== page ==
Two-year-old Eden Carlson remained unresponsive. Two months earlier she had hopped over a baby gate and fallen into the family swimming pool, where she remained underwater for 15 minutes before she was discovered and resuscitated. Her prognosis was not good; when she was discharged from the hospital she was alive but immobile, unalert, and unable to communicate. MRI scans showed that the drowning had ravaged her developing brain’s grey and white matter.
In a last-ditch attempt to save Carlson’s oxygen-starved mind, her family travelled to New Orleans for a controversial treatment known as hyperbaric oxygen therapy. According to a new study describing the case—it worked. After 39 HBOT sessions, she regained almost all of her speech, cognition, and movement. Merely five months after drowning, Carlson’s MRI revealed only mild, residual brain damage. “The startling regrowth of tissue in this case occurred because we were able to intervene early in a growing child, before long-term tissue degeneration,” announced case study coauthor Dr. Paul Harch, director of hyperbaric medicine at Louisiana State University School of Medicine, in a statement. “Such low-risk medical treatment may have a profound effect on recovery of function in similar patients who are neurologically devastated by drowning.”
A tragedy was averted–reversed really–but a question lingers even as Carlson returns to her life: Does the case represent a massive breakthrough for HBOT treatments or was it a fluke? A single case study does not represent proof of concept for a treatment plan that remains unapproved and largely untested on human drowning victims. The news is good, but this may not be a mass-market miracle.
Hyperbaric oxygen therapy involves increasing the air pressure in the room while administering oxygen therapy. Patients either lie down on a table that slides into a plastic tube or sit with their heads in a plastic hood, breathing oxygen through a mask. Therapists then increase the atmospheric pressure inside the tube or hood until it’s roughly three times higher than normal air pressure, and administer oxygen under these high-pressure conditions for about two hours.
Henry’s Law states that the amount of gas that dissolves in a liquid is directly proportional to the partial pressure of that gas, and one outcome of that nifty rule is that higher pressure means more oxygen molecules make it into the plasma. Studies suggest hyperbaric conditions increase the oxygen delivered to a patient 2,000-fold. For oxygen-starved brains, full of idling and dead neurons surrounded by glial cells, it is believed that such high levels of oxygen can shock the brain cells back into action.
It seems to work in animals. Scientists have raided pet stores to test HBOT in rabbits (the study demonstrated that HBOT is safe), cats (found that it repaired damaged brains), and dogs (suggested that it can increase survival rates). Preliminary human studies—almost invariably flawed—have also shown some promise. Which may be why FDA and Medicare approve of HBOT for certain conditions (gas poisoning, specific infections, “the bends”) but stress that it is not approved as a treatment for cerebral palsy, autism, multiple sclerosis, or heart attack. This, despite the fact that many for-profit HBOT clinics advertise “cures” for these very conditions.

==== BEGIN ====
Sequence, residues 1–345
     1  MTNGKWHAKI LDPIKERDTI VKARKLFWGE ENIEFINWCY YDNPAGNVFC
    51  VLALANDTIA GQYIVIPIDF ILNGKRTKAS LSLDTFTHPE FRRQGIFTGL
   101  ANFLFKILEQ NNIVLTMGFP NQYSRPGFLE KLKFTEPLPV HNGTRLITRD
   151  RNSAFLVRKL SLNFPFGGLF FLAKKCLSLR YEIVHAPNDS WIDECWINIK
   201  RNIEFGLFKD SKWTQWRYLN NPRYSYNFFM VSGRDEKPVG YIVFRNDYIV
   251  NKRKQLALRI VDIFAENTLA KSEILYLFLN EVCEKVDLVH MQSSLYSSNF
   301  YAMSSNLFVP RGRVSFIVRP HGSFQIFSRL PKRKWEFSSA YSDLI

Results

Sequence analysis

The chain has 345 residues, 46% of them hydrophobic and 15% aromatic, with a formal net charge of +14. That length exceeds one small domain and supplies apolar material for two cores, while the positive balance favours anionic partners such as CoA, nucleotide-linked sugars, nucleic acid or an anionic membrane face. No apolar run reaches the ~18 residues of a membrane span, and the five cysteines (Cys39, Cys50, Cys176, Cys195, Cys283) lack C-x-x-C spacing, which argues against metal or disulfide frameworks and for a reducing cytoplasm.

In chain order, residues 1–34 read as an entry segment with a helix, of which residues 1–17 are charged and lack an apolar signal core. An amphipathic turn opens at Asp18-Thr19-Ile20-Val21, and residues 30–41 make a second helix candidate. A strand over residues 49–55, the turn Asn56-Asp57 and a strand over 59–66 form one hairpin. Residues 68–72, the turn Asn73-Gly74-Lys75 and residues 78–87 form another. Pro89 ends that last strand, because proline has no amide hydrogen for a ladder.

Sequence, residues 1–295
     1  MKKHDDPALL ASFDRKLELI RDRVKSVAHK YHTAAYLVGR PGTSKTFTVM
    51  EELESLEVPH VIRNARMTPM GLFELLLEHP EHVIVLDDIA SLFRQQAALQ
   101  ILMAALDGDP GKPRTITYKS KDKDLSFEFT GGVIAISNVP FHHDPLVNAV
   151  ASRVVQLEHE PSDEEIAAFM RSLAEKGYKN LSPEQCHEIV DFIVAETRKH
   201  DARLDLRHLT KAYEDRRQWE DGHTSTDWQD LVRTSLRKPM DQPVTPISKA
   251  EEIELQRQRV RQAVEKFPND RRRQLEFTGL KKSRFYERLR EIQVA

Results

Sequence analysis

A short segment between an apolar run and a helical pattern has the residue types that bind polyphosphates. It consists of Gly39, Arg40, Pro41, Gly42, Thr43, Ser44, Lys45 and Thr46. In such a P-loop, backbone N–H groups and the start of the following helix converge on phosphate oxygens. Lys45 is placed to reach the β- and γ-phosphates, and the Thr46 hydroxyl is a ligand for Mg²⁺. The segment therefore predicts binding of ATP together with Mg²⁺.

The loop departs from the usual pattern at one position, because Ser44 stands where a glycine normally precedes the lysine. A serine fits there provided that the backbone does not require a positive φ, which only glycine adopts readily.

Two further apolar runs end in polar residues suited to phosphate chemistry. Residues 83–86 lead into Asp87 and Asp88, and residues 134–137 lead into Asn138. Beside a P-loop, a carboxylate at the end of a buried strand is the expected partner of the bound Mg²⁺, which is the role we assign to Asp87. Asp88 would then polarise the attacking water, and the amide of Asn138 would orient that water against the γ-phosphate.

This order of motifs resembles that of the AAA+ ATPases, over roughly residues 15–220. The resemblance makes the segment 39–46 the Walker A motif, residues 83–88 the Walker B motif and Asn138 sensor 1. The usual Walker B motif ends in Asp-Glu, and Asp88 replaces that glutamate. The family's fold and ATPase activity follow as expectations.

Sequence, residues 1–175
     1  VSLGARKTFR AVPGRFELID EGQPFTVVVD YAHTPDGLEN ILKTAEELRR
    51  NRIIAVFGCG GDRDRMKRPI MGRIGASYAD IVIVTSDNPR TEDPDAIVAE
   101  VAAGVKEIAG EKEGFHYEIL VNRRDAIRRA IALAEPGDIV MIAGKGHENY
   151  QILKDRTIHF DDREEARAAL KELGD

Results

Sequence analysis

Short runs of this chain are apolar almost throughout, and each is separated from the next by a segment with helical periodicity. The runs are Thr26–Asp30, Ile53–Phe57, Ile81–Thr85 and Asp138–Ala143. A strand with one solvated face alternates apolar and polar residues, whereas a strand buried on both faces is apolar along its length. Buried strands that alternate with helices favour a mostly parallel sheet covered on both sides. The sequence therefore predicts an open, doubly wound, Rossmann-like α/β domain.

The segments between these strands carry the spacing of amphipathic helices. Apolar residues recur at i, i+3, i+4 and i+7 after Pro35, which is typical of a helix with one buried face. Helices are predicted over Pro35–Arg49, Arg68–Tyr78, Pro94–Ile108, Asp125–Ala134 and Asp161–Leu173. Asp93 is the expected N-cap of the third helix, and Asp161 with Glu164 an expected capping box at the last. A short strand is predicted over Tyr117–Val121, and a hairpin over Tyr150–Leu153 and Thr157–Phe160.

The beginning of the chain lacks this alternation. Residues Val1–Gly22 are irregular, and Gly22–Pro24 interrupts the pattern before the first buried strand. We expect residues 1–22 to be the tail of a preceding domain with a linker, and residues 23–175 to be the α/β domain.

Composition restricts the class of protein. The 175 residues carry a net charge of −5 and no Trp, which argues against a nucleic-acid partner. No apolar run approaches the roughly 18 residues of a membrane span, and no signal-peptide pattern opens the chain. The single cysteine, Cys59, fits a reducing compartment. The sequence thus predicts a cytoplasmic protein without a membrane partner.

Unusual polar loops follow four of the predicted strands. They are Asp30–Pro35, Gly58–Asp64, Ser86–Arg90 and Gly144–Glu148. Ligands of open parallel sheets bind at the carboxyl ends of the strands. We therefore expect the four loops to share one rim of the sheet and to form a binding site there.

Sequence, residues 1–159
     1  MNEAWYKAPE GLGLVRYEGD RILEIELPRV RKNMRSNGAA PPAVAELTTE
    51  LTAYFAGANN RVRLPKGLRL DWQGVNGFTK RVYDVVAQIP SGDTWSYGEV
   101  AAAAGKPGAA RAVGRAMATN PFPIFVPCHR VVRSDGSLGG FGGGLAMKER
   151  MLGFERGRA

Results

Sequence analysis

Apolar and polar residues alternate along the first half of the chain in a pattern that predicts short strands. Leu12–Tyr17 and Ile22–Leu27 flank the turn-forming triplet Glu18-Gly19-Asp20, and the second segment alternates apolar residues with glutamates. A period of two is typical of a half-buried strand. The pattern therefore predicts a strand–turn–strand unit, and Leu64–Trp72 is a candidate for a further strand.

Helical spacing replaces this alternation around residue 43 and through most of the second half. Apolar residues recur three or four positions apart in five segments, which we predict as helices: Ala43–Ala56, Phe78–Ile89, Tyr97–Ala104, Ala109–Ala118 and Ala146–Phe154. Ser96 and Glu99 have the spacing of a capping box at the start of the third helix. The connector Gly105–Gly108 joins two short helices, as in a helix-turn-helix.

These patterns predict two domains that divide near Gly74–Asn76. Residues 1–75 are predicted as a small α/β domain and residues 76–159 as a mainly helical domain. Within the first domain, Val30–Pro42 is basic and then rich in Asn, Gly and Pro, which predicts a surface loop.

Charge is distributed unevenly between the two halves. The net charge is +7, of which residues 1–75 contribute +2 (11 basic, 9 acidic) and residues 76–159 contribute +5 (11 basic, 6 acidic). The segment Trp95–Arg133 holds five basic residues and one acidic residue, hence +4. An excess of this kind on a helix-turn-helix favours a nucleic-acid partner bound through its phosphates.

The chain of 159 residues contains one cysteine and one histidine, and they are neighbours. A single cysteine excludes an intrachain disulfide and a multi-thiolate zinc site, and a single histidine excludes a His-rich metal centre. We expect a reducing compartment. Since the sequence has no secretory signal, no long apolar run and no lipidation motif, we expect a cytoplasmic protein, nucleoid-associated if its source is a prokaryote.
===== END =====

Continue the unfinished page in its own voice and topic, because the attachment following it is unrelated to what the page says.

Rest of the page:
Which brings us to drownings and near-drownings. There is little compelling evidence the HBOT helps—Carlson “miracle” aside—and ample evidence that it could harm. Although there has never been a documented fatality due to HBOT, studies have shown that the therapy can lower blood sugar and cause nearsightedness and anxiety attacks. In serious cases, physicians suspect the therapy could collapse a lung or cause seizures due to an oxygen overload. Seriously complications have been reported.
In fact, the risks are so apparent and the rewards so unclear that intensivists famously refused to allow parents of a two-year-old boy who drowned in Florida to try HBOT. The boy’s father argued his case in court, and a circuit court judge ruled in his favor, provided the parents paid for the therapy out-of-pocket and released their physicians from any liability. The child ultimately recovered. Later, however, medical ethicists concluded that the ruling was not necessarily ethical.
“The physician has an independent obligation to act in the best interests of the child,” wrote three ethicists in the Journal of Perinatology. “That obligation is not ended with the ‘informed consent’ of a parent to utilize an unproven or unconventional therapy. Nor does a waiver of liability or a court’s authorization for a procedure absolve the treating physician—so long as there is a realistic opportunity of benefit or protection against harm—from the commitment to act as an advocate for the patient’s well-being.”
So was Carlson saved by hyperbaric oxygen therapy? Even Harch, the physician who administered the therapy, wrote the study, and runs an HBOT clinic isn’t sure. In the case study itself, he writes that Carlson was also given regular oxygen therapy and that it is impossible to rule out that this alone repaired her brain. The Carlson case is a victory for a controversial therapy, and likely to boost interest in HBOT both for its approved and unapproved uses. But from a scientific perspective, it’s still entirely unclear whether HBOT is safe or effective when it comes to drowning victims.
Carlson’s recovery is great news, but may not have broader ramifications for parents. Drowning remains a clear and present danger.